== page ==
You can use this tutorial for truly any surface.

-If you’re mounting the faux boxwood panels to wood, use 1.5″ wood nails or screws.
-If you’re doing this indoors on drywall, I’d recommend using these self-drilling anchors and screws to support the weight of the panels.
-If you’re adding a faux boxwood accent to a metal chainlink fence, you can likely just use zip ties.

Timelapse Video of Our DIY Boxwood Wall

DIY boxwood wall tutorial for stucco and masonry outdoors

DIY Boxwood Wall Tutorial

Prep Time: 1 hour 30 minutes
Active Time: 1 hour
Additional Time: 15 minutes
Total Time: 2 hours 45 minutes
Difficulty: Easy
Estimated Cost: $250+

This beginner friendly DIY boxwood wall tutorial will help you create a fabulous focal point for any room or space in your home. If you'd like to use the exact same high quality UV resistant boxwood panels, click here and use code MONICA15 to save 15% on orders of $100 or more.

NOTE: You can use this tutorial for truly any surface. If you're mounting the faux boxwood panels to wood, use 1.5" wood nails or screws. If you're doing this indoors on drywall, I'd recommend using these anchors and screws to support the weight of the panels. If you're adding a faux boxwood accent to a metal chainlink fence, you can likely just use zip ties.


  • Cordless Drill
  • Drill Bit (For pilot holes)
  • Tape Measure
  • Hammer
  • Step Stool or Ladder


  1. Before you start this project, measure out the area of your wall and order the appropriate number of panels needed. Unlike tile or wallpaper projects, there won't really be any "waste" with the boxwood pieces, so you don't need to order a ton of extra panels.
  2. Find the top CENTER POINT of your whole wall area (ex: if your boxwood wall area is 100" wide, the halfway point is 50"). Drill a small pilot hole about 1/2" or so deep. Using a hammer, gently tap in the masonry nail. If it's challenging, you need to drill a deeper pilot hole. This is where you will place your first boxwood row in step seven.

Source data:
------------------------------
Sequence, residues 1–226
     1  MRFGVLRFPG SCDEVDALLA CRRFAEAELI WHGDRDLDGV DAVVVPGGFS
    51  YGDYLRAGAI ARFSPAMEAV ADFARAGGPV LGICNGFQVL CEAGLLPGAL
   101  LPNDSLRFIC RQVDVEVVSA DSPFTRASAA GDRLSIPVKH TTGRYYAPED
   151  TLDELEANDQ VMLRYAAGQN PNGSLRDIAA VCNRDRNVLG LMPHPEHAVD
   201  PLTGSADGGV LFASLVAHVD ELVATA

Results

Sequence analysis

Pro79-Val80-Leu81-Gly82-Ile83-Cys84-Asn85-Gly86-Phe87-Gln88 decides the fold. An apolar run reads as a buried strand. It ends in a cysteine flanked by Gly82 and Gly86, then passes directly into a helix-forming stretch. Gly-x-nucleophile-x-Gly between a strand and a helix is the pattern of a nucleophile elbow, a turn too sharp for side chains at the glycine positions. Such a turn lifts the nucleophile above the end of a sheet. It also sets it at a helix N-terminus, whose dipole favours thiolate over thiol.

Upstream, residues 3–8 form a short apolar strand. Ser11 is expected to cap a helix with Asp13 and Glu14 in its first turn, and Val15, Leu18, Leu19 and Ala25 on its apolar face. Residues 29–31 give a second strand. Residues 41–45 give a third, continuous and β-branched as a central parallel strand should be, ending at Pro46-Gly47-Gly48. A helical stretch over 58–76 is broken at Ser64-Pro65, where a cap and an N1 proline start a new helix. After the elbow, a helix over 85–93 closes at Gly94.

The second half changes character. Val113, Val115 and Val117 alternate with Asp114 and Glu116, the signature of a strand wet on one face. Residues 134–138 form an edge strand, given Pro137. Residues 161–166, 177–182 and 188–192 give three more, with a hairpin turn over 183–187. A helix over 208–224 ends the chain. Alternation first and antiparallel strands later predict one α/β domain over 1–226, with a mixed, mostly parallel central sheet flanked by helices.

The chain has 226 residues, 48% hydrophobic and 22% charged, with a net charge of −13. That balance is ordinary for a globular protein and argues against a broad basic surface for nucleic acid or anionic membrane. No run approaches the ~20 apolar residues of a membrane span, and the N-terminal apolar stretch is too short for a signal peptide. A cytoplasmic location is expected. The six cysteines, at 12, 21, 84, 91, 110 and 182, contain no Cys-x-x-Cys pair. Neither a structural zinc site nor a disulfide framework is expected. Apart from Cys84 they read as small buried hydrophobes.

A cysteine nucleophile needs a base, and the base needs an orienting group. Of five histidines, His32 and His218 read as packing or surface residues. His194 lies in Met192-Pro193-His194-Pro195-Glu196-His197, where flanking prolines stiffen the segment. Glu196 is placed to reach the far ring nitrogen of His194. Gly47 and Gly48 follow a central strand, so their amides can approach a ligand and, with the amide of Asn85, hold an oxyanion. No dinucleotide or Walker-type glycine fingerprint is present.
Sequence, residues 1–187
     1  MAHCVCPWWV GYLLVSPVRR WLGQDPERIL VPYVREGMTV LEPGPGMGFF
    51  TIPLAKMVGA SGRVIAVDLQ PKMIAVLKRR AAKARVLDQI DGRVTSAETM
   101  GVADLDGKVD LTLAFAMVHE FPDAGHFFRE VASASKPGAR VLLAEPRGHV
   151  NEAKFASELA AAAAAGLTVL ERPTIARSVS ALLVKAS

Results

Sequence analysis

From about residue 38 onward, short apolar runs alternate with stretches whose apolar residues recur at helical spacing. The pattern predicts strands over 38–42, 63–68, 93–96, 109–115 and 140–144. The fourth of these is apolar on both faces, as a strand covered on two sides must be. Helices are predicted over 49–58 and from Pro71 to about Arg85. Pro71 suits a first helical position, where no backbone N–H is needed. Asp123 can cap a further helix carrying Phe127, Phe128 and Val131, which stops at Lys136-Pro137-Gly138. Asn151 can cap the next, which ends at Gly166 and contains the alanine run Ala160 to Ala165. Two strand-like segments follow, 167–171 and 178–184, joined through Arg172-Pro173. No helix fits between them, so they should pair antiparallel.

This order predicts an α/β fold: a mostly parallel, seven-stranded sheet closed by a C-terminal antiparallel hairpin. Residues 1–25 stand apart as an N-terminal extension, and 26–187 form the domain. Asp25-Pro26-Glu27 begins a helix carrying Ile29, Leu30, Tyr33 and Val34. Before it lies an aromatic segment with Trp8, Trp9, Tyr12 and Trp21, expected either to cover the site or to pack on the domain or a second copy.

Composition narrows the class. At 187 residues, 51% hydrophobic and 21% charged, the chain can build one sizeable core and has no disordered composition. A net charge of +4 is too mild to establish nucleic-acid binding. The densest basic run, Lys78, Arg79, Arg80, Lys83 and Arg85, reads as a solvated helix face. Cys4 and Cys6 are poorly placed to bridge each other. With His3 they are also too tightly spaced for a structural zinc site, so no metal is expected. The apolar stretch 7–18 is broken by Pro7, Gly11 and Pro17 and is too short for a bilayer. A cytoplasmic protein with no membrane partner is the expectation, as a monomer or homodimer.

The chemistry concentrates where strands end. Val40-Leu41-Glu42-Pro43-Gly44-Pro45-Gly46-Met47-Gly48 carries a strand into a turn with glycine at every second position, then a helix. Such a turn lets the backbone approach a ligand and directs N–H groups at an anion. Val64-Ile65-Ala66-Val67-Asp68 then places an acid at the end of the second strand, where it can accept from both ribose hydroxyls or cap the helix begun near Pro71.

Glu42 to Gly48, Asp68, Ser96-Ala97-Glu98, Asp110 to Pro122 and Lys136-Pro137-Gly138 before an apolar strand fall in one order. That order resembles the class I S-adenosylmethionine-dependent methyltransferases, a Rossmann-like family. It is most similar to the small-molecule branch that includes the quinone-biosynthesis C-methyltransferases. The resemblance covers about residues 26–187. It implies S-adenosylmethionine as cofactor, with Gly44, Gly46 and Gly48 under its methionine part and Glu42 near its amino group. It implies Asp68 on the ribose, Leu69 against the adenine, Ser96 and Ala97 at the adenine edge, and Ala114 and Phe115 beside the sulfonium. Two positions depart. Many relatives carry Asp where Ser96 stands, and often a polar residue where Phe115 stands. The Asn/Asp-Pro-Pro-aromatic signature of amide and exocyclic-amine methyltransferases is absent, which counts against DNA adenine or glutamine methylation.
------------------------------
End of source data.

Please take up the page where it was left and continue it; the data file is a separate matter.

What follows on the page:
3. We also used painter's tape under that first nail to keep an eye on where center is.
  4. Assemble your top row and set aside.
  5. Connect the rest of your boxwood panels together by columns. You may have 5 panels down or 10. This all depends on your configuration/area height. You may think it's easier to do it by rows, which could work. We just found it easier to stick to columns.
  6. While your row and columns are off the wall, add zip ties to help secure the panels to one another in that column/row. This is a step I ended up having to do over time, and it's much easier to do BEFORE you put the boxwood panels up.
  7. Take the row you assembled, find the center of it and hook that center area onto that nail.
  8. While one person holds the row up, the other will drill pilot holes and tap in the nails along the top and bottom of the row. We did about one nail per top and bottom center of the panel, plus extras on the vertical axis on the edge panels.
  9. Connect the far most left column under the row you just finished making sure to keep the edges aligned and repeat step 8 (including the pilot holes and nails), but this time also secure the column to the top row using zip ties for extra security. As you move across your wall area, also add in zip ties between columns as you assemble one row to the next.
  10. To clarify, each column will connect to the top row AND each other as intended (usually there's a plastic peg that connects to a hole) AND then you'll also add in zip ties. Those pegs can lose their rigidness over time, so this helps keep panels together even if the connectors fail.
  11. Once all your panels are connected, your wall is done. If the panels aren't perfectly flush or if a few seem to kind of jut out a bit, you can use additional nails as needed to get them to lay flatter on the wall.


For our outdoor DIY boxwood wall, we used close to 60ish nails.

I hope you’re now empowered to tackle your very own DIY boxwood wall. If you do, please tag me (@monicabenavidez) in your posts or stories. Enjoy the process, but most importantly, enjoy the outcome for many years to come!

The paint sprayer I use for all my DIY furniture painting projects is around $100!